Glenburn 4/5 Multiage
The Science Fair will be on:
May 16, 2013
Click here for: Due Dates for Science Fair "Parts"
Years ago the students voted to have our own “Mini-Science Fair.” Over the years it has evolved into a wonderful opportunity for your children to learn about something that interests them and then share their knowledge with their classmates and other students in the school.
Although this project is not done at school we do go over the requirements together. We also, if necessary, help the students come up with “the question” they want answered once they have a topic. In class we will review how to do a bibliography, title page, look for research materials, etc.
This is a long term, at home project and in order to ensure that you are aware of it ahead of time we are requesting that you sign the bottom of this page and return it to school as soon as possible. Please keep the rest of this packet to refer to as you work with your child on their project.
The Maine Middle School Science Fair committee explains science fair projects as follows:
The objectives of a science fair are relatively simple. The fair serves as a means of stimulating science interest among students and providing an opportunity for them to investigate their environment. The fair also provides recognition for their work. Good science fair projects should provide many ideas of interesting things that other students want to explore.
Every science project should begin with a question or problem. The problem should be clearly understood by the student before they begin work. When a student presents an insect collection as their project, it should provide an answer to a question. They might compare the bug-attracting ability of different colored light bulbs. Their question might be, “Can bugs see color?” or “Which light attracts fewer insects?” With a project such as this the teacher can be helpful in guiding the pupil by asking the right kind of questions concerning the methods that they plan to use.
Clay models of volcanoes and human hearts are not really science. These could be classified as projects but not as investigations, since they do not really solve a problem or provide an answer to a question. Although building models has a place, it should not be confused with the process of science. Science is the “process of investigating nature.”
- All work is completed outside of school time.
- All projects need to have a well-written report consisting of:
- Title page
- Question with hypothesis (What question are you trying to find the answer to? What do you think the answer is before you do the project?)
- Important information (body of report about 2-4 pages long)
- Personal account (what did you learn from the entire process of completing your project).
- Log (a personal journal starting on the day you begin your research and ending when you complete the entire project)
- All students will have an actual project/display.
- Students MAY work ALONE on a project or they may work with one other person. No more than two people per project. You and your partner must sign and have your parents sign the Science Fair contract agreement form in order to work together.
- Projects will be no larger than 1/3 of one of our tables. If you need extra space you must let me know in writing ahead of time.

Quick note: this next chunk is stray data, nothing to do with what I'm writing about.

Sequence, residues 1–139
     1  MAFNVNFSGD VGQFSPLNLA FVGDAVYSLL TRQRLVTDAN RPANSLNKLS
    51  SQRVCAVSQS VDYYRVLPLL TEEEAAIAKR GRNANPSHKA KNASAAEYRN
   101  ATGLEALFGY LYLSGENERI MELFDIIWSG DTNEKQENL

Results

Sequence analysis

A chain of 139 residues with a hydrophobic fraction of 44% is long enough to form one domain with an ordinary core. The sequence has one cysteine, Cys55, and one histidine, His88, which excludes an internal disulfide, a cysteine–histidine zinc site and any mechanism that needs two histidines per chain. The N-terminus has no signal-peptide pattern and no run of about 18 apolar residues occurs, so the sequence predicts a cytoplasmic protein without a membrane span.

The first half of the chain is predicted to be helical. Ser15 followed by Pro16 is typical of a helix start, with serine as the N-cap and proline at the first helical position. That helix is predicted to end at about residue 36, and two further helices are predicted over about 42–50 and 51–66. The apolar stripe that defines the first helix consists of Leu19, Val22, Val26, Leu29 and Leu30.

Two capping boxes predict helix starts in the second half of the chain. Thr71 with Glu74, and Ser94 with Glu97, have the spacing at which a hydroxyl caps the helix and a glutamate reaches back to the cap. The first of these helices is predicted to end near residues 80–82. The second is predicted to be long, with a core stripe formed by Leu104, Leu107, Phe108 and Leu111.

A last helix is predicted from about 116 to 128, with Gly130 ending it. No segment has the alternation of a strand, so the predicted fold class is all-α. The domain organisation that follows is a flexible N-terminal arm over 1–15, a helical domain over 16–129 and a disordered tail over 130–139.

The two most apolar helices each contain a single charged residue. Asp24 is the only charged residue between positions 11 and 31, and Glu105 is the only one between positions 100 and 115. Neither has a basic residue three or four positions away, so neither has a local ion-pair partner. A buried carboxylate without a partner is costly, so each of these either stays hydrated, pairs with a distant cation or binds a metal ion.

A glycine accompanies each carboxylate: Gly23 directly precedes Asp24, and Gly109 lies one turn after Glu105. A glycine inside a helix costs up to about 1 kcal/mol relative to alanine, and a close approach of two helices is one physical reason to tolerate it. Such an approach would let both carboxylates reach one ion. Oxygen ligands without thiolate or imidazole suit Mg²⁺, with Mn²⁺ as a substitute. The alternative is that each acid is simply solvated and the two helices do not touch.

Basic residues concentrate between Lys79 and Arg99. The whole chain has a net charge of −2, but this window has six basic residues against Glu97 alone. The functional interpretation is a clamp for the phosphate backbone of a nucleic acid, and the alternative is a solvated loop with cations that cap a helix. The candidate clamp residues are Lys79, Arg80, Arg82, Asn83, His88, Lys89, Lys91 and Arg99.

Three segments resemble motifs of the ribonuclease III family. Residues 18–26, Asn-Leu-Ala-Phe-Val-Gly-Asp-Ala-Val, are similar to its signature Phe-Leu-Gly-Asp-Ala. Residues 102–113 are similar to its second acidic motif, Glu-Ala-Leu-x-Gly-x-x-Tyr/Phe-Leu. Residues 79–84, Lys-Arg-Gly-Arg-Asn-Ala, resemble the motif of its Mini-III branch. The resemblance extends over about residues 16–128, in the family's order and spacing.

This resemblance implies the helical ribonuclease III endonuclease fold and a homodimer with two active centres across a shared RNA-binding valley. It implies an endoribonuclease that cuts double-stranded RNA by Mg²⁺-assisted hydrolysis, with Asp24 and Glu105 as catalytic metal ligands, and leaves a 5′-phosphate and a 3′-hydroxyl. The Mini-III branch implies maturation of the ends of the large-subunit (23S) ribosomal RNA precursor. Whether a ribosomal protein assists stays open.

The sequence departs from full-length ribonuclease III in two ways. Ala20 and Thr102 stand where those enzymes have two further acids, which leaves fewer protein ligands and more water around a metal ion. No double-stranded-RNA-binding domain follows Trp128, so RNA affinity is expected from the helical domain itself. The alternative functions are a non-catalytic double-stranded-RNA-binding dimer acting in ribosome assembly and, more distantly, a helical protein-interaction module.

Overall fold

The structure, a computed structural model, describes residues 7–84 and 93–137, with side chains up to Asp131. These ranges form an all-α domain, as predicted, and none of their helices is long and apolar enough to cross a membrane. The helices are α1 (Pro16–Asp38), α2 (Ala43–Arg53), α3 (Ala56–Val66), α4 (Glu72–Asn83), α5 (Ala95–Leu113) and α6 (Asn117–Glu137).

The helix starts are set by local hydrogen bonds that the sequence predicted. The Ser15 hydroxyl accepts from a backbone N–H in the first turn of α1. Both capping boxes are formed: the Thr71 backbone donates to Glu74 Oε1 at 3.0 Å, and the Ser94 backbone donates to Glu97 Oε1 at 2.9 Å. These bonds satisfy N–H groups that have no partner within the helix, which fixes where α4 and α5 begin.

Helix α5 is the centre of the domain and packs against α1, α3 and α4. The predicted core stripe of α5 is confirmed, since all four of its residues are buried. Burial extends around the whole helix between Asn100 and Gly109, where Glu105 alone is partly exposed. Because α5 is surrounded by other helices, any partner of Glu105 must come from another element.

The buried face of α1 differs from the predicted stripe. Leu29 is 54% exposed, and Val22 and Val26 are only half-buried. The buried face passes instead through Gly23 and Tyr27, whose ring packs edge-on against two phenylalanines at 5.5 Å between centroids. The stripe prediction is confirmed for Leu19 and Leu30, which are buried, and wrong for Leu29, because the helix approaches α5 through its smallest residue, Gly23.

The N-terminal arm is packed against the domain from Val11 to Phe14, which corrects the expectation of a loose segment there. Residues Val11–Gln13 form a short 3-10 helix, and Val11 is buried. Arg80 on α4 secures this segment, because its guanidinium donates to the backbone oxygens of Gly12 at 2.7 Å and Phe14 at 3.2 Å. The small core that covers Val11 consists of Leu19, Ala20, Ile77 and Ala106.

- NO explosive or dangerous chemicals or materials will be allowed.
- NO inhumane treatment of animals will be permitted.
- You may NOT bring living animals into the classroom for the actual science fair.
- You need a poster to accompany your project.
- If electricity is needed, you must supply your own extension cord and let us know in writing in advance.
Things to remember when writing a Research Paper
- Title Page - Includes the title of your project, your name, and date.
- Introduction -You should begin with some sort of introductory statement in which you tell why you chose this topic, when, and if you think it was worth spending time on. This should be simply a good paragraph, no more.
- Statement of Problem - In this next paragraph clearly state the problem you investigated (what question you first asked), and briefly explain your hypothesis (guess) as to your answer.
- Research - Written information (2-4 pages) you have found concerning your topic. This should include general information, as well as past and present research done by professionals.
- Conclusion - Make a concluding statement that indicates an answer to your original question. State also how you might have done things differently if your answer is different from your hypothesis.
- Bibliography - List all references-both written and verbal. List them in alphabetical order. (See sample bibliography page).
If you performed an experiment:
- Give a detailed description of all materials and methods used. This description should be so exact that anyone who wishes could repeat your experiments. Often a photograph or detailed diagram will save words.
- Record all your observations in the form of a chart or table. Dates are a must. Be sure your measurements are accurately recorded.
- Summarize your observations by reviewing your chart and plot them on a graph if possible. Study your results and note differences, similarities, and relationships. Determine if your results were accurate and note possible sources of error.
1. Is your report neat, complete, in order and legible?
2. Do you have margins?
3. Did you write it in your own words?
4. Did you use proper punctuation and spelling and English grammar?